Of note, though, was pharmaceutical giant Merck’s CEO, Kenneth Frazier, who resigned from Trump’s Manufacturing Advisory Council as a matter of conscience. Trump, if you’ll recall refused to call out white supremacists or white nationalists.

More noteworthy, though, are the other members of the council who said nothing. Ms. Denise Morrison, CEO of Campbell Soup, issued an Orwellian newspeak response, saying, “…Our commitment to diversity and inclusion is unwavering, and we will remain active champions for these efforts. We believe it is important for Campbell to have a voice and provide input on matters that will affect our industry, our company and our employees in support of growth.  Therefore, Ms. Morrison will remain on the President’s Manufacturing Jobs Initiative.”

Below is a list of the others on the council with hyperlinks to contact them. It was the best I could pull together, but let them know what you think in a respectful way.

UPDATE: Under Armour’s Kevin Plank has stepped down and made a forceful statement!

UPDATE: Brian Krzanich Intel CEO, has exited the council and made a statement!

UPDATE: Scott Paul of the Alliance for American Manufacturing has resigned, citing conscience.

UPDATE (8/16/17): Inge Thulin, CEO of IBM, has resigned from the council. So did Denise Morrison of Campbell Soup. A few minutes ago, Trump tweeted that he was disbanding the council.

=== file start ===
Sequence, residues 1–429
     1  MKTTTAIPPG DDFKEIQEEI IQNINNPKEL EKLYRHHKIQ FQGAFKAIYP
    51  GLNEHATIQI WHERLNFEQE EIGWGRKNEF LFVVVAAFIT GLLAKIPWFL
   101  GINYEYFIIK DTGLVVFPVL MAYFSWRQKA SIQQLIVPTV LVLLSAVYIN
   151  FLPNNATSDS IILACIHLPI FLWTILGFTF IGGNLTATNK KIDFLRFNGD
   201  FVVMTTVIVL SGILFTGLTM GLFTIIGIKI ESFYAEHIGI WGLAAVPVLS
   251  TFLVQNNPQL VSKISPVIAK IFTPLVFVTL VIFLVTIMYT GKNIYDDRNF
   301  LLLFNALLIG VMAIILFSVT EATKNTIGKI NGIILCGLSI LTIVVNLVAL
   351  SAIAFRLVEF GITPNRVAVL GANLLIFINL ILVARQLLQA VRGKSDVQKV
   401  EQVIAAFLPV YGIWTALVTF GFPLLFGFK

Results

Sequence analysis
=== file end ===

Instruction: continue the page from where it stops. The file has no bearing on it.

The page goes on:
Andrew Liveris, The Dow Chemical Company,  anliveris@dow.com

Michael Dell, Dell Technologiesmichael@dell.com

Bill Brown, Harris Corporationhttps://www.harris.com/about/contact-us

John Ferriola, Nucor Corporation info@nucor.com

Jeff Fettig, Whirlpool Corporation  https://www.whirlpool.com/services/contact-us.html

Jim Hackett, Ford Motor Company, media@ford.com

Alex Gorsky, Johnson & Johnson  https://www.ccc-consumercarecenter.com/UCUConfiguration?id=a0758000004NIaL

Greg Hayes, United Technologies Corp.  makethingsbetter@utc.com

Marilynn Hewson, Lockheed Martin Corporation  http://m.lockheedmartin.com/m/us/contact.html

Jeff Immelt, General Electric  https://www.ge.com/contact/general

Jim Kamsickas, Dana Inc. , jeff.cole@dana.com

Klaus Kleinfeld, Arconicmediainquiries@arconic.com.

Brian Krzanich, Intel Corporation  https://www.intel.com/content/www/us/en/forms/corporate-responsibility-contact-us.html

Rich Kyle, The Timken Company  http://www.timken.com/contact-general/

Thea Lee, AFL-CIO  pressclips@aflcio.org

Mario Longhi, U.S. Steel  https://www.ussteel.com/newsroom

Denise Morrison, Campbell Soup Company, https://www.campbellsoupcompany.com/connect-with-campbell/email/

Dennis Muilenburg, Boeing  http://www.boeing.com/contact-us.page. Scroll down a bit.

Doug Oberhelman, Caterpillar. New CEO is Dave Calhoun.  http://www.caterpillar.com/en/contact.html

Scott Paul, Alliance for American Manufacturing  http://www.americanmanufacturing.org/pages/contact

Kevin Plank, Under Armour  mediarelations@underarmour.com

Michael Polk, Newell Brands  Corporate Communications

Mark Sutton, International Paper  http://www.internationalpaper.com/contact-us

Inge Thulin, 3M, https://www.3m.com/3M/en_US/company-us/help-center/

Richard Tumka, AFL-CIO  pressclips@aflcio.org

Wendell Weeks, Corning  https://www.corning.com/worldwide/en/contact-us.html